According to the National Resource Center on Children & Families of the Incarcerated at Rutgers University, more than 2.7 million children in the U.S. have an incarcerated parent. What’s more, half of those children are under the age of ten.
The numbers are startling.
A program based out of Austin, Texas, however, has found a way for imprisoned mothers to stay connected to their children - by recording themselves reading aloud.
The Women’s Storybook Project is a volunteer program for women who are imprisoned at Gatesville and Plane/Henley prisons, and is geared toward connecting mothers with their children.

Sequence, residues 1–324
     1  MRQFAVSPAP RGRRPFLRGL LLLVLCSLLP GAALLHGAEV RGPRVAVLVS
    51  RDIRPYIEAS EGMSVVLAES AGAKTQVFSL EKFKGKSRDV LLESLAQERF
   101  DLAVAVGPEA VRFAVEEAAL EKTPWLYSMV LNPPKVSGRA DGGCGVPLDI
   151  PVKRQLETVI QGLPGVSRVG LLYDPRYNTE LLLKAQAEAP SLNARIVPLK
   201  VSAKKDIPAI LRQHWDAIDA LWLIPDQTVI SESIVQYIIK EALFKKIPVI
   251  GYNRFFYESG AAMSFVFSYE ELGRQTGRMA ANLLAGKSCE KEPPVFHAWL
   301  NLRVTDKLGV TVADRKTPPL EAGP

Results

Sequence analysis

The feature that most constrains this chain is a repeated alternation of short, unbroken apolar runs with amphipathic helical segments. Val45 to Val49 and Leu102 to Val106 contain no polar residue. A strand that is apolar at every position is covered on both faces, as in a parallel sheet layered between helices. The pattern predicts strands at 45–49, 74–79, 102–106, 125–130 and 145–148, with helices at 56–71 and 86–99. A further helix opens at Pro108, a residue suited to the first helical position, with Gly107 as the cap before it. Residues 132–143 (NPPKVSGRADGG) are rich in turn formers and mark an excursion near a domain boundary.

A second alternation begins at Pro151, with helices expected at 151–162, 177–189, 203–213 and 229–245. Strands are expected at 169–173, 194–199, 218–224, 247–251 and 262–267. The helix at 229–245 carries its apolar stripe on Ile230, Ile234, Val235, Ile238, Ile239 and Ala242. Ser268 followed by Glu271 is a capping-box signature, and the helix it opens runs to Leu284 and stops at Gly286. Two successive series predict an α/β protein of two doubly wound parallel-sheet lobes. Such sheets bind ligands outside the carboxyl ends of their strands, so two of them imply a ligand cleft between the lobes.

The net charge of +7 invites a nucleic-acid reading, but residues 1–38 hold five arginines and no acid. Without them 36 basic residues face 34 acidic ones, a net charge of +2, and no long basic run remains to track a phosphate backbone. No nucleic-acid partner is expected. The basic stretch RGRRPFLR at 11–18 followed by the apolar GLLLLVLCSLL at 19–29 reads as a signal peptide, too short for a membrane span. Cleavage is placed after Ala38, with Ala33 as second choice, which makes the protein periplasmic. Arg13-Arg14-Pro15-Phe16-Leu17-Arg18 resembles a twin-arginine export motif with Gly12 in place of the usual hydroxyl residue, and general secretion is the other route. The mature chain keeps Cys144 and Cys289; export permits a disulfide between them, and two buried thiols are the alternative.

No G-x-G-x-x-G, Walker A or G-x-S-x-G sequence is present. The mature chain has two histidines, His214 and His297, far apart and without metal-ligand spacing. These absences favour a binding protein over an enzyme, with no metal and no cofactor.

How does it work?
Volunteers travel to the prison, help the mother choose a book, then record the mother reading aloud. The mom also records a short message at the end of the reading, and the book and recording are sent to the child.
“After so long you become Mom only by title when someone else cares daily for your children,” wrote Lauri Arrington, a former Storybook participant, in the New York Times.
“What I remember most was an unshakable joy of knowing as long as I was reading that book, I was Mom again. It was surreal knowing my daughter would receive and hold in her hands the very same book that I held in my hands that day. We would occupy the same space even if it was at different times.”
Arrington, who was released two years ago, read 14 books to her children during her five-year imprisonment.
The program has inspired similar initiatives since its beginnings in 2003, reports Upworthy. State facilities in Iowa, Maryland, and New York have also started storybook programs, including both mothers and fathers.